Saturday, June 25, 2005

Summer Stroll #10 -- 15% Anyone?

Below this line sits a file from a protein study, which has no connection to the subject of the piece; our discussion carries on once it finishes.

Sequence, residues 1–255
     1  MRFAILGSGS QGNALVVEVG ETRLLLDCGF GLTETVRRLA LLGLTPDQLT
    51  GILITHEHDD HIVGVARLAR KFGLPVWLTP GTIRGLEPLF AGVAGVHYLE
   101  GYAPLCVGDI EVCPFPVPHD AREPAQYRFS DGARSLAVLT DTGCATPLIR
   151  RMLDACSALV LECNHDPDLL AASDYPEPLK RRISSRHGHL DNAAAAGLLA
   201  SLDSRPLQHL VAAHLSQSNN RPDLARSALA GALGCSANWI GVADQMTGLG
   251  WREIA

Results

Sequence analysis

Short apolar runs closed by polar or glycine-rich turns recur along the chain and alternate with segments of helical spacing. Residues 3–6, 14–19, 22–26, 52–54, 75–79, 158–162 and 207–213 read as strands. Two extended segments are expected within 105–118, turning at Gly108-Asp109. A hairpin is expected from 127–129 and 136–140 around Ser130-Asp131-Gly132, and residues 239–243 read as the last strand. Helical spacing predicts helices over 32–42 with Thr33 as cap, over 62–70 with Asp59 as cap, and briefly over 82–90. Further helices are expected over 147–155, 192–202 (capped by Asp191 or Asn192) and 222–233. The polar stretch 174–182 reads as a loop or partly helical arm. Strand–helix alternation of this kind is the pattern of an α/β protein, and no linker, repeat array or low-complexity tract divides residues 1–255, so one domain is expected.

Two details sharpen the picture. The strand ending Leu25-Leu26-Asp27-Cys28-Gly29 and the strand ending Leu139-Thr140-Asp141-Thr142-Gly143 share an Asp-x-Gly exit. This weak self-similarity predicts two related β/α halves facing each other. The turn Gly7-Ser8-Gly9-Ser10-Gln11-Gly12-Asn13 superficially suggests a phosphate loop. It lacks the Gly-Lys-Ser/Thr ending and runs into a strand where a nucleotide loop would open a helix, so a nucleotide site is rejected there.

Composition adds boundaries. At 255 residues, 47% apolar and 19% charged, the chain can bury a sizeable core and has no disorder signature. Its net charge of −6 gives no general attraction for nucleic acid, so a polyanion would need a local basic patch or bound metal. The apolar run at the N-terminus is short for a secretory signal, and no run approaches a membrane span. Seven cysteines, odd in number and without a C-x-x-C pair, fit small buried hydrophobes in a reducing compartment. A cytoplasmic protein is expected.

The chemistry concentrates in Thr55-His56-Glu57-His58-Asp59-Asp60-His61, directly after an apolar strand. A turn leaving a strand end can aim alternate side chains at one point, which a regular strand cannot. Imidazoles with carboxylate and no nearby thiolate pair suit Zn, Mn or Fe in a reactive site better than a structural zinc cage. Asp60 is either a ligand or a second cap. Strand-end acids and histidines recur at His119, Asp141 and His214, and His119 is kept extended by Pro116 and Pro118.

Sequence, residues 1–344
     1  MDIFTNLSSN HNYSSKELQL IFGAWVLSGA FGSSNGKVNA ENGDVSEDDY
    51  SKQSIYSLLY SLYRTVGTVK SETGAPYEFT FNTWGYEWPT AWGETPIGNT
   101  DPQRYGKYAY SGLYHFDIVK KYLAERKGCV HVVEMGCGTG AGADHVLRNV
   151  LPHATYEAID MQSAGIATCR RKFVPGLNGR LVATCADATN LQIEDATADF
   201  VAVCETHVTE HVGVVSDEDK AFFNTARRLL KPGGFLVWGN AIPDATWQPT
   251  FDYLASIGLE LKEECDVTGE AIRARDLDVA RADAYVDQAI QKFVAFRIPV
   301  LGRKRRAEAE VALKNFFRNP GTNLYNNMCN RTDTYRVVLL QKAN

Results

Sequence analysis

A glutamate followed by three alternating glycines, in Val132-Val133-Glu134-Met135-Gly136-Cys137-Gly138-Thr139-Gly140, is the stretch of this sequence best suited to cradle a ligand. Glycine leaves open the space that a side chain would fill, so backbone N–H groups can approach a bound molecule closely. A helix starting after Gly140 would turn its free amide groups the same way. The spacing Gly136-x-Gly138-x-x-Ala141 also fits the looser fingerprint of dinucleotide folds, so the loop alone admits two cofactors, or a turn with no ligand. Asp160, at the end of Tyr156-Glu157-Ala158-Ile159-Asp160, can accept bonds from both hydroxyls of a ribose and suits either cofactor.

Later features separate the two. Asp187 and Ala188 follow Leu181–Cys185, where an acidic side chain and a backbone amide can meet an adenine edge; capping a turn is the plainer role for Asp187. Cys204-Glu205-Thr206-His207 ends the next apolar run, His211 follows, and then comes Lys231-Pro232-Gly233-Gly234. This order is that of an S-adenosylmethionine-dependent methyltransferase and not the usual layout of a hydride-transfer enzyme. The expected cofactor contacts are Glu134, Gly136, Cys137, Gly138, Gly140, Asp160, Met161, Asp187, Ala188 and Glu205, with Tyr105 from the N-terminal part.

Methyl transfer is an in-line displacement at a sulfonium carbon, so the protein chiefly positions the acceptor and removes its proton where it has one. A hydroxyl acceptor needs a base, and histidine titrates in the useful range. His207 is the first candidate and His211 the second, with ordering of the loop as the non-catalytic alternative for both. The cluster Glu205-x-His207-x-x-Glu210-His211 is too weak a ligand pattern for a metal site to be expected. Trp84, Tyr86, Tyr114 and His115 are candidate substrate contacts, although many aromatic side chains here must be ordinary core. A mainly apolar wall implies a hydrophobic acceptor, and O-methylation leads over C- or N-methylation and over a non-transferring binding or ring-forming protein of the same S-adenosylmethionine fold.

At the beginning of trading on Friday June 24, if you would have looked at Bank of America in the Wall Street Journal or other financial media, you would have seen the following: Price Dividend Yield $46.60 $1.80 3.86% During the day, BAC announced an 11% increase in their annual dividend. As the market opens on Monday the 27th the Wall Street Journal will look like this: Price Dividend Yield $46.75 $2.00 4.28% A remarkable event occurred that will be almost completely missed by 99% of investors. BAC increased their dividend by 11%. However, at Donaldson Capital Mgt., it is as though the heavens have opened and someone threw out some stone tablets guiding us toward successful investing. Here's what the stone tablets are saying to us. 1. BAC, which is a nationwide financial services company, is giving us our cut of their profits for the last 12 months. That seems fair and not unusual, but in our judgment only about a fourth of the companies in the S&P 500 pay a fair dividend. 2. In increasing their dividend, they are signaling to us that they believe they can continue to grow earnings and dividends in the low double digits. Wall Street estimates for earnings growth are more in the 9% level. In our minds, BAC is saying to anyone who wants to listen, "We are going to grow faster than the street thinks." 3. BAC is saying we know the future is uncertain, indeed, our whole business is built on lending money to people taking chances, which might fail, but we believe economic growth and corporate profits will continue their current trends. In a manner of speaking, you can say we have bet the whole company on it. 4. If you buy our stock, we believe you will make somewhere near 15% per year over the next 5 years. You will notice I do not have quotes around this last comment, because BAC did not say it, but simple math shows us that a 15% compounded return is the end result of everything else they are saying in raising their dividend by 11%. Here is the simple math: If BAC's dividend grows at 11% per year over the next 5 years, they will be paying a dividend of $3.40 in 2010. To determine BAC's price might seem like a big stretch, but I believe those stone tablets tell us the very best guess is that the stock will trade for at least $84.25. To compute this price all I am doing is dividing BAC's projected 5-year dividend of $3.40 by 4%, which is BAC's average dividend yield over the last 5 years. A person can debate this simple method of determining expected price all they want. But BAC is one of those companies that has had a very predictable dividend growth pattern and the statistics and the odds greatly favor the outcome I have put forward. But, you may ask how do we make 15% when the dividend is only growing at 11%. It's simple, the dividend yield is starting near 4% and combining the 11% annual dividend growth, which based on the historical data will mean that prices will also grow at about 11% per year, we arrive at a total return of 15%. I really believe you must grab hold of this concept of "implied return." This is the best way to make decisions about stocks with your head instead of your emotions. We have used BAC as an example many times. It is a favorite of ours, but we will discuss in an upcoming article a few companies in our portfolios that have as high as a 17% "implied rate of return. Now pause for a moment and consider the alternatives. a 5-year Treasury bond is yield 3.5%. I don't know about you, but 15% with some modest risk sounds a whole lot better to me that 3.5% with no risk. Let me say that again: 15% with some risk sounds a whole lot better that 3.5% with no risk.